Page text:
The latest BNZ monthly business confidence survey asked people if they were bothered about rising house prices. According to the results, 29 percent of respondents were concerned about rising prices, 29 percent were happy, and 42 percent were indifferent about the issue. According to the survey, however, "The number of responses this month was unusually low at just 93", a participation rate low enough to place doubt on some interpretations.
According to BNZ's chief economist Tony Alexander, "General commentary in the media, from politicians and from the central bank would have us believe that people are overwhelmingly unhappy about the way house prices are rising. But that is not the case... it does mean that a generally silent majority of 71% of people are not concerned that house prices are escalating."
These numbers may come as a surprise to people, especially with the Reserve Bank about to introduce a macro-prudential policy as a way to slow down the housing market. Four tools are currently being rushed through government, including the ability to place limits on high loan-to-valuation lending as a way to curb rising prices. The Reserve Bank realises the bind it's in, however, with the choice to either allow the housing market to overheat and threaten inflation or encourage the New Zealand dollar to surge higher and undermine future growth.
According to RBNZ Governor Graeme Wheeler, "In particular, we are very wary that speculators may be re-entering the market, particularly in Auckland and that this behaviour needs to be curbed. Be that as it may, what these prudential policy measures will do, in the very words of the central bank, is reduce the actual supply of mortgage lending".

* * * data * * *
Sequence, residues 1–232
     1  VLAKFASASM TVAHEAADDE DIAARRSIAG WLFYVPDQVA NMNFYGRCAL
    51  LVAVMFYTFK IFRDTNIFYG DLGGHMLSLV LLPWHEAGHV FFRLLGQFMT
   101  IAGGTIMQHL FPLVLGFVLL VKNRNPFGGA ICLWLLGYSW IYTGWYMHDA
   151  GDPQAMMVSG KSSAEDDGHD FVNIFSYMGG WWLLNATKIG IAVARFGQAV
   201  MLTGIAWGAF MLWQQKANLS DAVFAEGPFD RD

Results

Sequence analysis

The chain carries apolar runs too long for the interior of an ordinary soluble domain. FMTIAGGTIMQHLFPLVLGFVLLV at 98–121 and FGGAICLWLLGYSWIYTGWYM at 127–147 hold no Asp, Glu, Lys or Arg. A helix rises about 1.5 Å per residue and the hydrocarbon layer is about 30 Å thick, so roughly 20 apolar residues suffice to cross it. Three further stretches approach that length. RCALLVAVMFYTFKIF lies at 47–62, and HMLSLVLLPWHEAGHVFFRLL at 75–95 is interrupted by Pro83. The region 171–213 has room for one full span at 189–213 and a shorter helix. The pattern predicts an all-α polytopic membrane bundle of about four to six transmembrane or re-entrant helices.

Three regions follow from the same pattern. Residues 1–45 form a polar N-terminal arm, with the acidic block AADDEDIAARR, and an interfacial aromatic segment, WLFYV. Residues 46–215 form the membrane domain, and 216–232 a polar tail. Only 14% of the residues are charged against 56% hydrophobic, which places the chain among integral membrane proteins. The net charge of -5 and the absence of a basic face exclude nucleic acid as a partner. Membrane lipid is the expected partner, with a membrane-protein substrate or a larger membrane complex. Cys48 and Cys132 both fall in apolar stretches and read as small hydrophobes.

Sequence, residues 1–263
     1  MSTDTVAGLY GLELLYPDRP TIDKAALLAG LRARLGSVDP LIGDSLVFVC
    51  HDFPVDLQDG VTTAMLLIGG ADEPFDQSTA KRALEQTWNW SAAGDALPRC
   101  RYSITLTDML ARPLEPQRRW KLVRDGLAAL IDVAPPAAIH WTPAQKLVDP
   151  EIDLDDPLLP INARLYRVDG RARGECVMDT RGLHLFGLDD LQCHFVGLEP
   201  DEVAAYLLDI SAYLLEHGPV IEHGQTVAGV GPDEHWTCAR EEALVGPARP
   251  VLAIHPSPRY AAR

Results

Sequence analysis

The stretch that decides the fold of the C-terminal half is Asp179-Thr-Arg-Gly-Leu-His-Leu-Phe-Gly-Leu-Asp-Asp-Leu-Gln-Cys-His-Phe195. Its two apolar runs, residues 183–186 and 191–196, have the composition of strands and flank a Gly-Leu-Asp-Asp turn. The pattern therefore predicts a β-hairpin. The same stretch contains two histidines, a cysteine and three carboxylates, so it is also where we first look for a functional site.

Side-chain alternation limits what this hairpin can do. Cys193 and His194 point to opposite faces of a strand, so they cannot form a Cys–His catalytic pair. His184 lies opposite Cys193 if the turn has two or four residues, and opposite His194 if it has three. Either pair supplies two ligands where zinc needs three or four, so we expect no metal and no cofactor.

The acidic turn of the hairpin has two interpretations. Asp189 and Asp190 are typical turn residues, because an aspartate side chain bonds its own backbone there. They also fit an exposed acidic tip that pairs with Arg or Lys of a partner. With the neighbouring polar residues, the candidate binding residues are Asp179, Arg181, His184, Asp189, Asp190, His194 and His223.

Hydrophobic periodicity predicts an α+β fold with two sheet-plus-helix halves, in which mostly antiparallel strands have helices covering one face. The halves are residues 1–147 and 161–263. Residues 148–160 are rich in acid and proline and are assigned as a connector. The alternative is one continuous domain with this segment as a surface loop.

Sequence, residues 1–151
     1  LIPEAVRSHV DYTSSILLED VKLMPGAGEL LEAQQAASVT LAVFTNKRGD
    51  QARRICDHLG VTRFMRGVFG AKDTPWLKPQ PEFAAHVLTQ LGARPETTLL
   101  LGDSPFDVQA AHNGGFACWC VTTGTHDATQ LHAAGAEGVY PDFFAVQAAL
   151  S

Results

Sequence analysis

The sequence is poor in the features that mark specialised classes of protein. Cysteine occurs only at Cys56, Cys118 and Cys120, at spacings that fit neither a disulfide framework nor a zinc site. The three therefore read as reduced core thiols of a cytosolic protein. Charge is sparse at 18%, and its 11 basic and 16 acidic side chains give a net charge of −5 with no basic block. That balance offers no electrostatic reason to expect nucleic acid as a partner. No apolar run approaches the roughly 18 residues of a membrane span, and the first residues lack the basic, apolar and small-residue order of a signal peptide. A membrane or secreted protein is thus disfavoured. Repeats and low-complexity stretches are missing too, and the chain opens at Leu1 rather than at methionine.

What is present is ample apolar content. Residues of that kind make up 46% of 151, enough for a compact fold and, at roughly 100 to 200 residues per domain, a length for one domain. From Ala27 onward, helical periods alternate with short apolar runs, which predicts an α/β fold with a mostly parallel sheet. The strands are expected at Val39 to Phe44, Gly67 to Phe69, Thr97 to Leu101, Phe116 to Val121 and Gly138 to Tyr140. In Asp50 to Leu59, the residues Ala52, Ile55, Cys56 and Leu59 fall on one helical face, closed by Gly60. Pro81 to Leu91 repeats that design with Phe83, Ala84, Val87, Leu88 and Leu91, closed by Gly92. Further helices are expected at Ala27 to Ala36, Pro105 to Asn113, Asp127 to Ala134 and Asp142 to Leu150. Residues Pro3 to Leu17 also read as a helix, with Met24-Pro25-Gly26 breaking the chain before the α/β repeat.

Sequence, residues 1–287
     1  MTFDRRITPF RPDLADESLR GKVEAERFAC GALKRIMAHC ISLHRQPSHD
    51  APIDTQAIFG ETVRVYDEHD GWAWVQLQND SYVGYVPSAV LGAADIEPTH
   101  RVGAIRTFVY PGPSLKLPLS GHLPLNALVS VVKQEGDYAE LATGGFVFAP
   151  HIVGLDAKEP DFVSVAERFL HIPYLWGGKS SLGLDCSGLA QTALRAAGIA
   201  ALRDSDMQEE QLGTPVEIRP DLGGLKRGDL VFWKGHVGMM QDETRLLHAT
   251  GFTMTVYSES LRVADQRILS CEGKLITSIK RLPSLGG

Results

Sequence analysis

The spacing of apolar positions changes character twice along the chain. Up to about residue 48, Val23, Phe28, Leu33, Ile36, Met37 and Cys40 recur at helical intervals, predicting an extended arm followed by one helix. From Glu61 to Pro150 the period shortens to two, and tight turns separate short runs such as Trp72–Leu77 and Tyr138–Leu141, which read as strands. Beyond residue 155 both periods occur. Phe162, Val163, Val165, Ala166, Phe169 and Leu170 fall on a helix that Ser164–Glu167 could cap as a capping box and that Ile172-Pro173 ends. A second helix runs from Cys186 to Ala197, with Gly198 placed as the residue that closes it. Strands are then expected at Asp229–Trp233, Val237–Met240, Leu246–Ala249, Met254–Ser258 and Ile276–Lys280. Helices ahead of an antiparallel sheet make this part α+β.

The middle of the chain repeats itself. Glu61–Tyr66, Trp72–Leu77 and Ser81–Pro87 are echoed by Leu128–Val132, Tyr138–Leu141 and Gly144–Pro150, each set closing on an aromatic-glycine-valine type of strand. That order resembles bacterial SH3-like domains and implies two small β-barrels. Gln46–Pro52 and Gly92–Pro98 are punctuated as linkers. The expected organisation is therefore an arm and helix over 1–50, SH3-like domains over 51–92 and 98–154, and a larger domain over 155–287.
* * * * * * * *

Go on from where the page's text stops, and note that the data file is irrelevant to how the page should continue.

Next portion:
There is also activity on the housing supply front, with building volumes for March much improved on previous quarters. According to Statistics New Zealand, building volumes were up 12 percent over the quarter, which is the biggest rise in a decade. It is important to note, however, that volumes are still 20 percent lower than normal when seen as a total share of the economy. According to housing minister Nick Smith, initiatives to encourage developers are vital if the government is serious about curbing high prices.
With a combination of supply initiatives and new Reserve Bank tools, the government are trying to stop house prices from escalating on a number of fronts. According to BNZ senior economist Craig Ebert, however, it may not be "enough to keep up with what is rampant demand for new homes, underpinned by very low interest rates?" With the New Zealand property market already 20 to 25 percent overvalued according to both the IMF and OECD, even the most well thought-out initiatives will take a long time to affect current market conditions.